A local adoption service is dedicated to helping prospective parents find their way through what can be a very complicated process.
Navigate Adoption Consulting works to streamline the adoption process.
Dr. Teri Kramer, an adoptee herself, understands adoption firsthand. Her positive experience growing up in an adoptive home led to her desire to expand her family by adoption as an adult.
“My greatest joy beyond my own family is using my talents and knowledge to build your family,” she said.
Initially, families should decide what avenue of adoption works best for them: private adoption, agency adoption or foster care adoption.
“I like to coach families through a hybrid approach that maximizes the value of their home study and gives them access to the most adoption opportunities, but ultimately, families have to decide which route best fits their needs,” Kramer said.
The adoption process can be overwhelming, and some entities are willing to take advantage of prospective families.
“It happened to our family when we adopted my daughter — we were scammed out of thousands of dollars,” Kramer said. “I am troubled by the similar stories I often hear. What I seek to do with my consultancy is help prospective families from the moment they begin thinking about adoption until placement.”
In doing so, Kramer’s goal is to help clients avoid common (and uncommon) pitfalls during their adoption journeys and make the paperwork and profile writing processes easier.
“The beauty of my job is that I get to customize my approach to meet the specific needs of each family I assist,” she said. “I am happy to survey agencies, home study providers, attorneys, etc. to make sure the services provided by these entities align with the needs of the family. Additionally, because I’m a writer who is both an adoptee and an adoptive parent, I know just how to tailor my families’ profiles in a manner favorable to birth parents.”
Beyond that, Kramer feels her duty as a consultant is to fill any gaps on the adoption team.
“It’s critical to have a great team working together toward a successful adoption, and each member has a specific role,” she explained. “For example, while adoption attorneys may hold adoption in high esteem and care deeply for the families they represent, their primary focus is to execute the legal proceedings meticulously. Likewise, a social worker assigned to the home study process needs to make sure an accurate assessment of the home is rendered. My role as a consultant is everything in between. I am available when families have questions about where to find grant funding or how to write their profiles. Maybe they’re feeling discouraged while waiting for a placement and need recommendations for support groups in their area. I will help them locate resources.”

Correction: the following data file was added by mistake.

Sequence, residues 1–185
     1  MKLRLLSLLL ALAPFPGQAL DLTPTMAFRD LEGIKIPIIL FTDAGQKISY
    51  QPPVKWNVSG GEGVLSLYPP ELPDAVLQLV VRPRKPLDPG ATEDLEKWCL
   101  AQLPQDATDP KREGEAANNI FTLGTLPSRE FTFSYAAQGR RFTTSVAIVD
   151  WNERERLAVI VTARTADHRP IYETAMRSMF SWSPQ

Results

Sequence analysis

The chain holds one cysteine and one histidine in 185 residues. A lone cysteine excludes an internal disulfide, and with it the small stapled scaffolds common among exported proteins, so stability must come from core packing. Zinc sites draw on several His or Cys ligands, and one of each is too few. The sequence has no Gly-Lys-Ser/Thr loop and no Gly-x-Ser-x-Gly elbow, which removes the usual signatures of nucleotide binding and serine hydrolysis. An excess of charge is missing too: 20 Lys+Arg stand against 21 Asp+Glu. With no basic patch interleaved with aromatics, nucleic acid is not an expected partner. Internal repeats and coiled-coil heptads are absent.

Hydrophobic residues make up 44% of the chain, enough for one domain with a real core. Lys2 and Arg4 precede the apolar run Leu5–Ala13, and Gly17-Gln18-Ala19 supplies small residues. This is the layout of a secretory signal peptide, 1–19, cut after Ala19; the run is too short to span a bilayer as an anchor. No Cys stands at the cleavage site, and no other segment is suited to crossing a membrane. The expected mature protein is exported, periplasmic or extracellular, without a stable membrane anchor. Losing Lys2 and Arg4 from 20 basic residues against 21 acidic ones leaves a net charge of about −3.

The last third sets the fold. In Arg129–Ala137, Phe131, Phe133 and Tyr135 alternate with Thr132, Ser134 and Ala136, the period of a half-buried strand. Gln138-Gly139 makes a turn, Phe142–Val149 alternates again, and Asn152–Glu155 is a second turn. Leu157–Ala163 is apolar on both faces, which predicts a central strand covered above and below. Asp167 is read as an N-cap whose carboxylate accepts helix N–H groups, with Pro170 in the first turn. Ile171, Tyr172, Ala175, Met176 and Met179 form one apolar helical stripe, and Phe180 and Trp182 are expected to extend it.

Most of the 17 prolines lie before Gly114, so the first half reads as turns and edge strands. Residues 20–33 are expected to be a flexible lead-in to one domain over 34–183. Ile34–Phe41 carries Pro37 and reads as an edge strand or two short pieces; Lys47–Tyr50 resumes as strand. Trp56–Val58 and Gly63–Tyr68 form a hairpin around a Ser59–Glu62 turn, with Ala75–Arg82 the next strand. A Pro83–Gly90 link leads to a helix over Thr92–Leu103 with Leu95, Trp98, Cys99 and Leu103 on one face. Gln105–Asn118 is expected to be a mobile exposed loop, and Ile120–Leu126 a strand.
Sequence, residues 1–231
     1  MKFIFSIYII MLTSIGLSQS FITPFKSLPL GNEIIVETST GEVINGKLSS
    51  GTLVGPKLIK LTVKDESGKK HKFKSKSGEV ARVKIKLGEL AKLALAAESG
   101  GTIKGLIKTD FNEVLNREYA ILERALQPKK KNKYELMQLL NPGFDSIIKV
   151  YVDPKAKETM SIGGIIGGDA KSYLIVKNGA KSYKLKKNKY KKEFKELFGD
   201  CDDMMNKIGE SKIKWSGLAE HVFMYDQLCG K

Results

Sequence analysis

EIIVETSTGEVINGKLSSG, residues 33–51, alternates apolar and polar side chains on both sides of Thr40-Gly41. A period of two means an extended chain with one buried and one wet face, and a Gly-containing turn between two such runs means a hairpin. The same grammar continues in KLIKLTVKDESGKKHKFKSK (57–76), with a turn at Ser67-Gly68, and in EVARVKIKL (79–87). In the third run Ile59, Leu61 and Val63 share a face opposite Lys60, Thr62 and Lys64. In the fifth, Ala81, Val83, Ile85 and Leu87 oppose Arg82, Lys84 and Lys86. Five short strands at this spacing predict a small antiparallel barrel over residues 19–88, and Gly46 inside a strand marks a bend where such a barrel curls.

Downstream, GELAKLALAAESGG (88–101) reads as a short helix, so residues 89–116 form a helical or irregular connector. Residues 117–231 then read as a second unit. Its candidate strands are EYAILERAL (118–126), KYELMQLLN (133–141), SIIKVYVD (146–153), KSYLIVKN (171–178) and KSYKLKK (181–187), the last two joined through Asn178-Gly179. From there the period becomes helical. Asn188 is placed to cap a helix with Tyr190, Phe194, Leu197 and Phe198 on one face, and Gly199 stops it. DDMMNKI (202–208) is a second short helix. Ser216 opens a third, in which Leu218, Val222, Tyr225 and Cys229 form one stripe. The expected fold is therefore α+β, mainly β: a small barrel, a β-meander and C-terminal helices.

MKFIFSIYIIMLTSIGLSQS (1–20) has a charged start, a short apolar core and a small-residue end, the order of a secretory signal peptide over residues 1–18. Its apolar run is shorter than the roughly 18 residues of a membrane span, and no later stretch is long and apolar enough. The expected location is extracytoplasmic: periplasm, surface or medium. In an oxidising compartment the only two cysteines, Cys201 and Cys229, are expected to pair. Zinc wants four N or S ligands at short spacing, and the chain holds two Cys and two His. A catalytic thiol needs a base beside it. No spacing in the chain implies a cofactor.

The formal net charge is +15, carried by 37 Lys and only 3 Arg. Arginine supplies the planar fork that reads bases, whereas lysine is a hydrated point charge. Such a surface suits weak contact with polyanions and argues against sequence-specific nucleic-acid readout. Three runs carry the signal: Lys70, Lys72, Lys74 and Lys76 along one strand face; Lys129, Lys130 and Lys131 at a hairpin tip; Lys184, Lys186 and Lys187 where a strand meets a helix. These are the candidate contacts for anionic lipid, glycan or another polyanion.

Prospective families have been pleased with the support they have received from NAC. An adoptive mother, Kayla L., notes, “When we chose to pursue adoption, my husband and I felt overwhelmed and a little isolated. Let’s face it, adoption isn’t something everyone chooses, so finding a support system can be very difficult. We were fortunate to have Teri to lean on. She listened to our fears, helped us choose the path we were most comfortable with, and shared her experiences with us.”
A Yankton family added, “Teri has been an excellent resource in my family’s adoption journey. She has offered her experience, given advice, and provided resources for us to consider. She has been available to us and is so responsive, sharing her time without hesitation. We have appreciated her grounded perspective in our journey, and her background makes her such an incredibly well-versed resource.”
If you know and care for families like these impacted by adoption, Kramer said, “The best thing an adoption supporter can do is validate all members of the adoption triad. When speaking with biological family, adoptive family, or an adoptee, remain adoption positive and remember no one in the adoption triad ever falls away or becomes less important.
“One of the key points for supporters to remember is that adoptive parents, grandparents, and extended family are all real family,” she added. “While DNA gives adoptees their physical traits, it isn’t the litmus test for who is family and who is not. Familial bonds transcend genetics. We’re all family by choice. That can be difficult for people outside the triad to understand, but blood and choice are equally strong bonds.”
Adoption is at the core of who Kramer is, as evidenced by the focus of her extensive educational background. She holds a master’s degree (MFA) and a Ph.D. in writing. Much of the writing she did throughout those programs was focused on adoption and/or processing the adoption journey.
“I feel very fortunate to be in a place where my career can merge with a significant portion of my identity,” she said. “As consultants go, you will find a few who have been touched by adoption. Most often, these are adoptive parents, but I am the only one who is an adoptee, an adoptive parent, and who has studied writing to the Ph.D. level with a focus on trauma, social justice, and creativity. I am grateful to be able to offer my clients multiple levels of expertise through experience and education.”
In connection with the consultancy, Kramer has begun work on a book called, “So, You Think You’re Ready to Adopt?” It is forthcoming next spring. The book focuses on different kinds of adoption, pre, and post-adoption preparations, and ultimately, transition and aftercare for all adoption triad members.
For more information, go to: navigateadoption.com.